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I run a forum which serves its pages as XHTML+MathML+SVG; in full:

<!DOCTYPE html PUBLIC "-//W3C//DTD XHTML 1.1 plus MathML 2.0 plus SVG 1.1//EN" "http://www.w3.org/2002/04/xhtml-math-svg/xhtml-math-svg-flat.dtd">

Using the MathPlayer plugin, Internet Explorer users can use this site. However, sometimes someone is using the forum from IE and isn't able to install MathPlayer (maybe they're on a public machine somewhere). Then IE (at least 6&7) complains about the XHTML and offers just to download the file.

I read on the w3c site how to get around this using an XSL transformation (http://www.w3.org/MarkUp/2004/xhtml-faq#ie). When I put this in place, I found that Chrome was now complaining vociferously about undefined entities (the specific one was &nbsp; but testing shows that that's not relevant).

Bizarrely, I can get round this by manually declaring the entities in the DOCTYPE:

<!DOCTYPE html PUBLIC "-//W3C//DTD XHTML 1.1 plus MathML 2.0 plus SVG 1.1//EN" "http://www.w3.org/2002/04/xhtml-math-svg/xhtml-math-svg-flat.dtd" [
<!ENTITY nbsp "&#160;">
]>

but I'd rather not do this for the whole gamut of entities possible. I say "bizarrely" because the XHTML+MathML+SVG dtd does, as far as I can see, declare these entities. So somehow these are getting missed out.

Is there a way around this problem? Can I serve XHTML-with-entities to IE?

In case it matters, the pages are generated by a php script and are served via apache, so if there's a reliable method of sniffing the browser and modifying the start of the document (so only sending the <?xml-stylesheet ...> bit to IE) then that would be an acceptable alternative.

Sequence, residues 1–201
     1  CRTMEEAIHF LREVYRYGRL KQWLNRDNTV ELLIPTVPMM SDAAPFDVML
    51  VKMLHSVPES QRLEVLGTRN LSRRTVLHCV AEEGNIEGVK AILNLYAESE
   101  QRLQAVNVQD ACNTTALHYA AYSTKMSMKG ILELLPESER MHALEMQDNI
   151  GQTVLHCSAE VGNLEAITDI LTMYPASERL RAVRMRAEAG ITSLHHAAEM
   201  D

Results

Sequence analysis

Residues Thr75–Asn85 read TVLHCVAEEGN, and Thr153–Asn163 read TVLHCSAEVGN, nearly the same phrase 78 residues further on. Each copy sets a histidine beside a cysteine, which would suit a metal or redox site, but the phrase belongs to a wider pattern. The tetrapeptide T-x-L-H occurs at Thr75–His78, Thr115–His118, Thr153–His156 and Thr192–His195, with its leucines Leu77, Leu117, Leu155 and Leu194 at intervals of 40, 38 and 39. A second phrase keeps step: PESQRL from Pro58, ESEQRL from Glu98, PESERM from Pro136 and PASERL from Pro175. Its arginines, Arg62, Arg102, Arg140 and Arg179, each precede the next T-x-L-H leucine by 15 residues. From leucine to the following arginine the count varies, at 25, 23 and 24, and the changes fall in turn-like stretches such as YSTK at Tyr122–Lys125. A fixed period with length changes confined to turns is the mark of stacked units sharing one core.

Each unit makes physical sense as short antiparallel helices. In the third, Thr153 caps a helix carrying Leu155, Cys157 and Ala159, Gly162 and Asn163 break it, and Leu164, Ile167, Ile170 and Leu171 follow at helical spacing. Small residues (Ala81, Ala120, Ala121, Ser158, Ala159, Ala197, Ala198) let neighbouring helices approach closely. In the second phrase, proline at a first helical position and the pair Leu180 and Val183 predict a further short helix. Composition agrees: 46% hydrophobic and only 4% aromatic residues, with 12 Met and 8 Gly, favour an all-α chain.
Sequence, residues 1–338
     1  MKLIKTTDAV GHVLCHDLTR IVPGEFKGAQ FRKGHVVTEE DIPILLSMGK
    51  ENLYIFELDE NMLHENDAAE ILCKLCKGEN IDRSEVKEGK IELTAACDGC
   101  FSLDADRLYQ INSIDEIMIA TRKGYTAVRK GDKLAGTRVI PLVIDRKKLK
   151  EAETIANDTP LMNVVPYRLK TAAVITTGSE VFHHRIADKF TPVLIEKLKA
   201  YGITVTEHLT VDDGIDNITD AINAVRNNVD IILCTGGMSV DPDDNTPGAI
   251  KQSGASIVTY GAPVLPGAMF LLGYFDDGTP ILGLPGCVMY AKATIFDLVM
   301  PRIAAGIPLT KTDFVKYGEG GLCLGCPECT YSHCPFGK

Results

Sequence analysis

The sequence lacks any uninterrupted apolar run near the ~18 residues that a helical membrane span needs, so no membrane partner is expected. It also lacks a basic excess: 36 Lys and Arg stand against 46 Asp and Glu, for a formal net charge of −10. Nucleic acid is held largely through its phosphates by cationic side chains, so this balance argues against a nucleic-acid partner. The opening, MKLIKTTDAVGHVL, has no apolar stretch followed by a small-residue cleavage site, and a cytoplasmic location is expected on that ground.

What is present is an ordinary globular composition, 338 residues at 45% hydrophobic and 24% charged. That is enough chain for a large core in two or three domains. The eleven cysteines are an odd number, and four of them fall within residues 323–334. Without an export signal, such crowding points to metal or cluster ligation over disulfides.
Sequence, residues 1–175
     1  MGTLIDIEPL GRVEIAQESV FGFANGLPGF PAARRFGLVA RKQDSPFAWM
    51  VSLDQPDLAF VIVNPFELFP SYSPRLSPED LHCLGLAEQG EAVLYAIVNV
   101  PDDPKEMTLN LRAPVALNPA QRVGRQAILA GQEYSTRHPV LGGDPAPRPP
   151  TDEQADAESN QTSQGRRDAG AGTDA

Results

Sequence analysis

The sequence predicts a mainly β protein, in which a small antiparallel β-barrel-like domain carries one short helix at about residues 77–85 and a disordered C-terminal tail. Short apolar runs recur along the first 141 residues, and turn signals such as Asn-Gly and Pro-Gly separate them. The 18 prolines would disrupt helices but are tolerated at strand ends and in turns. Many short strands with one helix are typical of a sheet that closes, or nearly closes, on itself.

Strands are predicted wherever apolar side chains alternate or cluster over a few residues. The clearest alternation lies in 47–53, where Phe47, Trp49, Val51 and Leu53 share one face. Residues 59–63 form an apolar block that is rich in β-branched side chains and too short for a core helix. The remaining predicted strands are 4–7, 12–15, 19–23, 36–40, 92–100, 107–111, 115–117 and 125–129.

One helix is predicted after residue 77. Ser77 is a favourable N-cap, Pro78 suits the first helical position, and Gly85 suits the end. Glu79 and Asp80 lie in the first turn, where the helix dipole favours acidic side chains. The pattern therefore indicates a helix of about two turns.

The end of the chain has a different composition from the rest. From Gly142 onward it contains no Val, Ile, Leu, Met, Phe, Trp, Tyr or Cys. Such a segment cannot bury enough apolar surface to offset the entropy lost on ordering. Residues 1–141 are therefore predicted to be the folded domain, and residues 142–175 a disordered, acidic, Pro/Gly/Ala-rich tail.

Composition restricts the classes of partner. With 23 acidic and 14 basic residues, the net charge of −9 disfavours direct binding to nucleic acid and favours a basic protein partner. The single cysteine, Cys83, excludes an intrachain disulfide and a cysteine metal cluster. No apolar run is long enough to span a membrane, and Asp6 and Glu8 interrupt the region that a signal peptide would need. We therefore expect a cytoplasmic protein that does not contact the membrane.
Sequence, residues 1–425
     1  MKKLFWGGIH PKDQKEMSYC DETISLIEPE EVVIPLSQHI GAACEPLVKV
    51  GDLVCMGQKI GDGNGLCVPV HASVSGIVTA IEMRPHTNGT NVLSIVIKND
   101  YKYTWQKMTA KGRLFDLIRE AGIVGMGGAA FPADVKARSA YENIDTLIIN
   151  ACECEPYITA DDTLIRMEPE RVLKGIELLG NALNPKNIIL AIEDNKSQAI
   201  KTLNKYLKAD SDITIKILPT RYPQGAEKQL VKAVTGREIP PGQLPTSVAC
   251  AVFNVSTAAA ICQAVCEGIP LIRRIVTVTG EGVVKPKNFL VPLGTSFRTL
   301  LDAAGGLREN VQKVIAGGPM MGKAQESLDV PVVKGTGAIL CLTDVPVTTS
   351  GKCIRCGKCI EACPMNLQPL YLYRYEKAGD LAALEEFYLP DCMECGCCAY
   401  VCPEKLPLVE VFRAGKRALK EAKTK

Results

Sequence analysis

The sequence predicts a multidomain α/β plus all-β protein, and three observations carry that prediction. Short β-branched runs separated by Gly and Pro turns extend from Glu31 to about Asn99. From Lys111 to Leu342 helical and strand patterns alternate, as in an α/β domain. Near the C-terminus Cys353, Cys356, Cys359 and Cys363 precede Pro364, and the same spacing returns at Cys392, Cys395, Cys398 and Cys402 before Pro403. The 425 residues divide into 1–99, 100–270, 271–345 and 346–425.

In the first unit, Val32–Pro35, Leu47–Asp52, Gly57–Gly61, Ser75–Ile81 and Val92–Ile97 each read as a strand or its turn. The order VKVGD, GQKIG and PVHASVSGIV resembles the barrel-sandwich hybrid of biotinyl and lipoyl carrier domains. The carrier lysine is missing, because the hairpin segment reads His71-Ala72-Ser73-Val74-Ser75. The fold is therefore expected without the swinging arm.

(I hope I have the right SE site ... please let me know if I'm in the wrong place. Ditto with the tags.)

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Pure (X)HTML/CSS questions belong on stackoverflow.com, but yours isn't so straightforward, as you mention a possible server side solution, so I'm not flagging it for moving. If you don't get any answer here then I'd delete it and put it on there. Some HTML questions tend to get answered in seconds! –  paulmorriss Aug 9 '11 at 15:16
    
@paulmoriss: Thanks for the (partial!) clarification. Sometimes in the morass of SE sites I get a bit lost ... –  Loop Space Aug 9 '11 at 18:16
    
Rereading my comment, I may not be very clear. I mean "if I were you, I'd delete it...". It's up to you. –  paulmorriss Aug 10 '11 at 7:59
    
@paulmoriss: It is a server-side configuration issue since it's about coping with a browser that can't handle XHTML and how to send them something that they can cope with. Scanning the list of "related" questions, there seem a lot that are similar in idea. But I don't know what the scope of this site is (and the more I read, the more confused I get) and I haven't had any answers, so I'll follow your advice (in a little while). –  Loop Space Aug 10 '11 at 8:25

1 Answer 1

[I]f there's a reliable method of sniffing the browser and modifying the start of the document (so only sending the bit to IE) then that would be an acceptable alternative.

This PHP statement will match any browsers which include "MSIE" in the user agent string and you could refine the criteria by adding a version number, if desired:

$flag_is_ie = (false !== strpos($_SERVER['HTTP_USER_AGENT'], 'MSIE'));

... with version numbers:

$flag_is_ie = (false !== strpos($_SERVER['HTTP_USER_AGENT'], 'MSIE 6.'));
$flag_is_ie = ( $flag_is_ie || (false !== strpos($_SERVER['HTTP_USER_AGENT'], 'MSIE 7.')));
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